Squishy Squishy

October 25, 2012

I went for my first mammogram today. At o-dark-thirty! To his credit, the Chief offered repeatedly to go with me and as much as I wanted him there, the children could not be left to get ready for school alone.

The actual squashing wasn’t so bad. It was the top plate jammed against my pectoral muscles that hurt and left red marks. Ouch!

The tech was good and caring. I appreciated that.

This is the shirt I bought at Wal-Mart to wear on the days my mom has chemo. A portion of the proceeds went to the National Breast Cancer Research Foundation.

I did not request the two-hour call back but I was assured that if something was seen I would get a call later today or first thing tomorrow by a nurse. If everything was normal a letter would go out either later today or first thing in the morning.

I was also told that it is not uncommon for a call-back on a first time mammogram. They have nothing to compare it to so they want to make sure. That is what a base-line is for so that is reassuring.

One of these days I need to sit down and write out my medicines and my medical history and keep it in my purse. I need to do this for me and for the girls. Actually, for the Breast Cancer Awareness badges they are earning one activity is to write down the family history. It will be good to get it done.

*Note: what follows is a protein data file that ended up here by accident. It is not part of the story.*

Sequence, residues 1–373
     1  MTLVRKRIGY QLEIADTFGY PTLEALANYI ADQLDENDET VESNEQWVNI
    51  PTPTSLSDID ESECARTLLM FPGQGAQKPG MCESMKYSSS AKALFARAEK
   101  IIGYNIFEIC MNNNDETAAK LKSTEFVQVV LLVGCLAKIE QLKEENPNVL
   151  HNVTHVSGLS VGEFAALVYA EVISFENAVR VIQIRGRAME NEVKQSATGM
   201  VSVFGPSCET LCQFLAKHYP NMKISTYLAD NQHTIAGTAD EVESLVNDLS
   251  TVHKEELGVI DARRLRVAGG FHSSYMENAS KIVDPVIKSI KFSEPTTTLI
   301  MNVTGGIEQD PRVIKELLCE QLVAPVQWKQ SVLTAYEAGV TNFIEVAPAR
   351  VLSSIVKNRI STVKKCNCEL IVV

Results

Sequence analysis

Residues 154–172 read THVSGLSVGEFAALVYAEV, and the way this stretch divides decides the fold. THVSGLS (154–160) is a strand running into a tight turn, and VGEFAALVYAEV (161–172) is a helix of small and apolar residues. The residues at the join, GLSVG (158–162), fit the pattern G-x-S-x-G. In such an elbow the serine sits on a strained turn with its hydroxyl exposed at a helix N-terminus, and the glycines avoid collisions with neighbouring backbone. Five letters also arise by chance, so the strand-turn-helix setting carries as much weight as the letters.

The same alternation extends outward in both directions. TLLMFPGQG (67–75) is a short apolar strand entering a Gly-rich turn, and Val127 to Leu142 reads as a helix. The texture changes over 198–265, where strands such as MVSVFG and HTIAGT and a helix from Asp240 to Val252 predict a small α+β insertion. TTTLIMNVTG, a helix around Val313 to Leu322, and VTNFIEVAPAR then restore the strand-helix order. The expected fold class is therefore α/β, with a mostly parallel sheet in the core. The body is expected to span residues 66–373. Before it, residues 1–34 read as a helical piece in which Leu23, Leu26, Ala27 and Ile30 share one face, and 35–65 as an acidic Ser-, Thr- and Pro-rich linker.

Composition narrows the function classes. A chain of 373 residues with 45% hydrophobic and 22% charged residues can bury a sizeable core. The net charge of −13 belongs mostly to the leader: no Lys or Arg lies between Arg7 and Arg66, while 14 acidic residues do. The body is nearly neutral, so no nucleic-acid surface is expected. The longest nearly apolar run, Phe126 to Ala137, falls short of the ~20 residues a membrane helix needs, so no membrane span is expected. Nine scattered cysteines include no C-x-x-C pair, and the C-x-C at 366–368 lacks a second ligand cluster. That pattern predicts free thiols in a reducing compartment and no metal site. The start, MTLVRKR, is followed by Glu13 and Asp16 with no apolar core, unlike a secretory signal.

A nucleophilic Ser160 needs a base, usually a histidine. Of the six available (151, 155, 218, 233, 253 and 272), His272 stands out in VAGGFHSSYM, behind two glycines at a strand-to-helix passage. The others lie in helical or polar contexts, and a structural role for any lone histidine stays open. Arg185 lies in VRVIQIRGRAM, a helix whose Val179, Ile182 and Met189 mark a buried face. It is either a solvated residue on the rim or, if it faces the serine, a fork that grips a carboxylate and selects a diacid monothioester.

Another activity was to visit a mammography center. I silently debated about bringing T1 with me. Ultimately I decided not to–just not knowing how she’d do emotionally. I will bring both of them when I get one done at 40 (they will be 14 & 12 respectively).

What’s your opinion? Would (is) 12 have been too young to take her? Or is it a wise thing to keep them prepared and to understand early detection is going to be the key?



  1. My parental philosophy was to shield my son from as much reality as possible; I don’t have a girl so I’m not sure what I would do, and I’m not sure that my son benefitted from my extreme overprotectiveness, but as he’s a pretty happy, productive guy, who knows? Good luck with the results! I hate getting that done, too.

    • My oldest actually exhibited a little bit of anger when she realized my mom didn’t want the girls to be told right away (but she was on speaker phone). So totally shielding them from it is not an option. I think waiting for the youngest to be 12 and we’re past all this (hopefully) will be the best thing. Right now might have been too emotionally charged–I know it made me more anxious. No word yet but I’m assuming that’s good.

  2. I’m sorry for the challenges your family is going through right now.

    What worked best for our family during difficult times was to let them know in general terms, and normalize it as much as possible. Then, continue giving more information as they asked -keeping the door open. If we held back, there was resentment in the long run. Seems a good rule of thumb was to treat them the way we’d want them to treat us.

    Good luck to you all.

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